Companies that move their profits overseas to avoid tax will be subject to a "diverted profits tax" from April, the chancellor has said.
In his final Budget before the election, George Osborne said firms that aid tax evasion will also face new penalties and criminal prosecutions.
The so-called "Google Tax" is designed to discourage large companies diverting profits out of the the UK to avoid tax.
It follows rows over how much corporation tax some companies pay.
"Let the message go out: this country's tolerance for those who will not pay their fair share of taxes has come to an end," Mr Osborne said.
The Chancellor said his deputy, chief secretary to the Treasury Danny Alexander, would be announcing new legislation on Thursday outlining new criminal offences and penalties for aiding tax evasion.
It comes after last month's revelation that HSBC colluded with clients of its private bank to evade tax over many years.
Mr Osborne said he would also change the corporation tax rules to prevent contrived loss arrangements.
He added he would also be closing tax loopholes that enabled businesses to take account of foreign branches when reclaiming VAT on their overheads.
Mr Osborne said the new tax measures he was introducing were expected to raise £3.1bn over the next five years.
He added he was also raising the bank levy to 0.21%, which he said would raise £900m.
And he said he was closing a loophole in the law that allowed the banks to offset charges for mis-selling, including payment protection insurance, and other misconduct against their corporation tax bills.
Many multinational companies make millions in the UK, but have their headquarters in Ireland where the corporation tax rate is much lower, meaning they pay a lower rate of tax on those profits there.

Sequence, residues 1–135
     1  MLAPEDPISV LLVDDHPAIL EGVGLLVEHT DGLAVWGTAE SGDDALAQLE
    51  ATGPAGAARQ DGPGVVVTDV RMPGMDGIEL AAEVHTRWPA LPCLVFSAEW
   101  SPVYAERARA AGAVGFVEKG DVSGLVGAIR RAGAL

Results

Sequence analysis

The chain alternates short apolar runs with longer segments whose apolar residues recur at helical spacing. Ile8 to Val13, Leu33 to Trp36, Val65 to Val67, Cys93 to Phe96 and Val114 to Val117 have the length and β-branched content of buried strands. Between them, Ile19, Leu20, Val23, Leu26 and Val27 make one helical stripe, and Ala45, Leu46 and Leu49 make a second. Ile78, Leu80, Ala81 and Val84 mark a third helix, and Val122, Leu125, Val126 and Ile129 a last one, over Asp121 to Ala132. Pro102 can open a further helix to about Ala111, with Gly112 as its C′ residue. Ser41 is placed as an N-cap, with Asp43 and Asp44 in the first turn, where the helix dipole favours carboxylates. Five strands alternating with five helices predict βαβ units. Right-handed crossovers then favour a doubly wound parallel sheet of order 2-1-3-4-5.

Companies such as Starbucks, Apple and Amazon, among others, have come in for significant criticism in recent years over the amount of corporation tax they pay in the UK.
They are all currently being investigated by the European Commission over their tax arrangements.
In 2013, it was revealed that Starbucks paid nothing in corporation tax between 2009 and 2012, despite sales of £400m in 2011, and had only paid £8.56m in corporation tax since it began trading in the UK in 1998.
Starbucks maintained it had made a loss in those years when it paid no corporation tax.
Under the new tax regime, companies with an annual turnover of £10m will have to tell HM Revenue & Customs (HMRC) if they think their company structure could make them liable for diverted profit tax.
Once HMRC has assessed the structures, and decided how much profit has been artificially diverted from the UK, multinationals will have only 30 days to object to the 25% tax.
The European Commission has also been investigating the corporation tax arrangements of several European Union (EU) member states to determine whether those tax arrangements amounted to state aid.